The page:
Important to note, is that this game is based on the original comic series and they do not have the rights to make anything that was original to the TV series. Cry big, salty tears that Darryl is therefore not in this game.

This game does a lot of things right. Firstly, it is clear what you need to buy to start playing. If you pick up a retail box (which will give you a version of Rick, a few of the other main characters, plus enough plastic zombies, rules, dice and other bits and pieces to get you started).

The box also gives you some cardboard terrain, which is fantastic as the cost and amount of effort you need to start playing is on a par with a board game. Everything you need to get a taste of the game is included. This includes cardboard templates and, crucial to gameplay, cardboard terrain.

The fancy Kickstarter box I got included a generous amount of plastic terrain (e.g. cars, barricades) but in terms of gameplay and especially if you are a bit nervous about calling this a “hobby” or “tabletop game” you can just as well leave your minis unpainted and treat this experience as a self-contained board game. The Walking Dead: All-Out War will work just as well as a board game you get out occasionally and play with friends, as well as nerds like me who treat it as a huge hobby project. If you do like doing nerdy things, this game is an absolute dream for making little post-apocalyptic tables.

The red roofed building is a cricket pavilion. But you can use any pavilion you have lying around the house.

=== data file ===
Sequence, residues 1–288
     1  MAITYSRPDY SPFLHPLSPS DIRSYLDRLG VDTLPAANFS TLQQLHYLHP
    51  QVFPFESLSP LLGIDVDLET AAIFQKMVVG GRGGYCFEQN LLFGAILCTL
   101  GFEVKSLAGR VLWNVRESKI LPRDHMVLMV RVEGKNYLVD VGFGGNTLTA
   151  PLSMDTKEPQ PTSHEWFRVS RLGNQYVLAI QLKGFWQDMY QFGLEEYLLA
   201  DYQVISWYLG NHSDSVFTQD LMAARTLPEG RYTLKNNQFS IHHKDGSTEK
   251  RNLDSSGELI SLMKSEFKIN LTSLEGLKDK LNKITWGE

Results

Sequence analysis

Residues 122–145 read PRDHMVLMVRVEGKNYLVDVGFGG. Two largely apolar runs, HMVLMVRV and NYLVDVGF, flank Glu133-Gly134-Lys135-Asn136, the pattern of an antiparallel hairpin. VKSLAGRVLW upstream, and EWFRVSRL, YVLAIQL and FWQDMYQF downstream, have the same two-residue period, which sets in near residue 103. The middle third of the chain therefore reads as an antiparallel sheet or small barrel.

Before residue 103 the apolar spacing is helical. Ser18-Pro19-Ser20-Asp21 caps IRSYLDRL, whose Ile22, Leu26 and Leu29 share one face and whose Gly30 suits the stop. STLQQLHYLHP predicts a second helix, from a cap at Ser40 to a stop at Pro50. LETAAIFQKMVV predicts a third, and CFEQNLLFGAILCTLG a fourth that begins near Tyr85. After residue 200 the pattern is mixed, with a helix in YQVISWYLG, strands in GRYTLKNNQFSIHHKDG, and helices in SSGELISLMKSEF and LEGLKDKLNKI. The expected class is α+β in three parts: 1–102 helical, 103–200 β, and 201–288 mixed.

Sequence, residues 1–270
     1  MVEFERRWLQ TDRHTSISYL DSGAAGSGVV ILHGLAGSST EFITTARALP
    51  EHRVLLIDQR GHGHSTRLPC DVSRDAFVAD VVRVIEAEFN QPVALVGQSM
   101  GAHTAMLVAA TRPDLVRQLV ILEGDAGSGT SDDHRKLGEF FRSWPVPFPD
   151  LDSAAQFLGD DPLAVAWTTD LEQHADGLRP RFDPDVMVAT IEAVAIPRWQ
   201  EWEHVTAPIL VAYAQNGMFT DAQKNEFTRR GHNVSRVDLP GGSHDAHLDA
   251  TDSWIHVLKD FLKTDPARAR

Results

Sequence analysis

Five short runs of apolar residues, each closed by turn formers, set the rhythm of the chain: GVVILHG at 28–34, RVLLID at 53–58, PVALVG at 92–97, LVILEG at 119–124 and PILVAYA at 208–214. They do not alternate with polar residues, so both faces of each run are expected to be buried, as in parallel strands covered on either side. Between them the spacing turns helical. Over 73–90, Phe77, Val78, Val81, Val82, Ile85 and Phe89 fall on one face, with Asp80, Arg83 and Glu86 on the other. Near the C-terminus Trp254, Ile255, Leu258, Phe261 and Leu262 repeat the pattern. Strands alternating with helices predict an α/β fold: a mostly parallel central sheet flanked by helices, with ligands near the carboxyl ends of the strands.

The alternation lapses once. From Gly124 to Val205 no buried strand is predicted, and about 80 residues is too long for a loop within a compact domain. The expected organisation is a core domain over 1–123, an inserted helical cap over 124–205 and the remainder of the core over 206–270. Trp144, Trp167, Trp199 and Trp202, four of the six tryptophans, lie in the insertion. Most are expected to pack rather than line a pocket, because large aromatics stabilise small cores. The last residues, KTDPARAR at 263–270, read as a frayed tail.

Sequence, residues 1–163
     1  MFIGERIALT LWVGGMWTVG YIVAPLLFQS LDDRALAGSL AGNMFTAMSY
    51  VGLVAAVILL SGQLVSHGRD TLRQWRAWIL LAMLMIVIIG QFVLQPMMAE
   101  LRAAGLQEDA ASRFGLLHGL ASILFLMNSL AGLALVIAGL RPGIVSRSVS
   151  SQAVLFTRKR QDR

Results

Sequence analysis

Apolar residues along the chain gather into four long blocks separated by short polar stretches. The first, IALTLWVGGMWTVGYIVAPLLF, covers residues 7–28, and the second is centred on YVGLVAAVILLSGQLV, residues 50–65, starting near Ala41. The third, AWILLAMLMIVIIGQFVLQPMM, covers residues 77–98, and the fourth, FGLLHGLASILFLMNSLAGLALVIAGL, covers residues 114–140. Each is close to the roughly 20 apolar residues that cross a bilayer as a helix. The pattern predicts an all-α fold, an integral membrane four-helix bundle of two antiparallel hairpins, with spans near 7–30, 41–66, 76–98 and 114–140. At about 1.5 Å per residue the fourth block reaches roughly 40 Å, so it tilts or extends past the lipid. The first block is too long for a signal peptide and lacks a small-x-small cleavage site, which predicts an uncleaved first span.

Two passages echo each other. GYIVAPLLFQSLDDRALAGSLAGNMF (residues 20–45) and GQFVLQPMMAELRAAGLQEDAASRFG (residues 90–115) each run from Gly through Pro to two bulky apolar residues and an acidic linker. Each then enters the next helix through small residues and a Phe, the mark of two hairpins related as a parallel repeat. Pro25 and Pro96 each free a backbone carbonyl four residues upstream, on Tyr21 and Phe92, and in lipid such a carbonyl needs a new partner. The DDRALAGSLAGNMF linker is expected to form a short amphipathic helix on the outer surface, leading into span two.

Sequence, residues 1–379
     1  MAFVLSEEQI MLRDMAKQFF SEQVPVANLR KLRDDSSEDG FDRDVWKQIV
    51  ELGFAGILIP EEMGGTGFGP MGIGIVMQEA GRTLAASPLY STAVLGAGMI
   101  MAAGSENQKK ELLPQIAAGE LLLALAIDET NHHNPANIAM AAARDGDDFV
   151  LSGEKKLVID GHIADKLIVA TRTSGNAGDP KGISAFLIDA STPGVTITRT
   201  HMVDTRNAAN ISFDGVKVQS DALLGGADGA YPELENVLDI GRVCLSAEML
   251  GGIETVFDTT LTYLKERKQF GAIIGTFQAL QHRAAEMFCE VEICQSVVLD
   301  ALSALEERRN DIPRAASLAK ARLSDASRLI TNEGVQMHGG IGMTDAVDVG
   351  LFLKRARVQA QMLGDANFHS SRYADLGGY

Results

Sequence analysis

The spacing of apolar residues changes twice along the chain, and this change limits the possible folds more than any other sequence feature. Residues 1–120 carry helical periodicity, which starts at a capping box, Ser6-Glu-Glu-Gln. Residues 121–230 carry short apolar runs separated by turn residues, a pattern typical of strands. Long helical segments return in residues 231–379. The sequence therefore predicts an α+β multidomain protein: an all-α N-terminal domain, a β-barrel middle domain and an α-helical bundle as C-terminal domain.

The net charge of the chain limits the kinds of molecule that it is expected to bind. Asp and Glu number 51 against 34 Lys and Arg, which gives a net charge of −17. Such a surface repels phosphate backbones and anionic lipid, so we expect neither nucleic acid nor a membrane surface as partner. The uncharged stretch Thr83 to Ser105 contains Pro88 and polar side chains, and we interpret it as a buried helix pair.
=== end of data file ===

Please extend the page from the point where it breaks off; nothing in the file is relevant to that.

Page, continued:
What is a big plus, is the models come preassembled, and they are nice. There are some lovely sculpts with some fun poses. As a way of enticing people who are fans of the Walking Dead this is a strong and intelligent piece of work. Mantic have done an excellent job of removing any of the good reasons that stop people from investing in a game, particularly people who are new to tabletop gaming. The box includes a “quick start rules” guide that means players can get a tutorial game in even before they read the rulebook (which is simple and clear to understand with great diagrams). At this point, I am deep down the tabletop hobby well, so building and painting huge amounts of plastic models doesn’t worry me, but if that is a concern for you, then WDAOW is probably going to fit you better than Kings of War. Two excellent games from Mantic that are positioned in different hobby niches.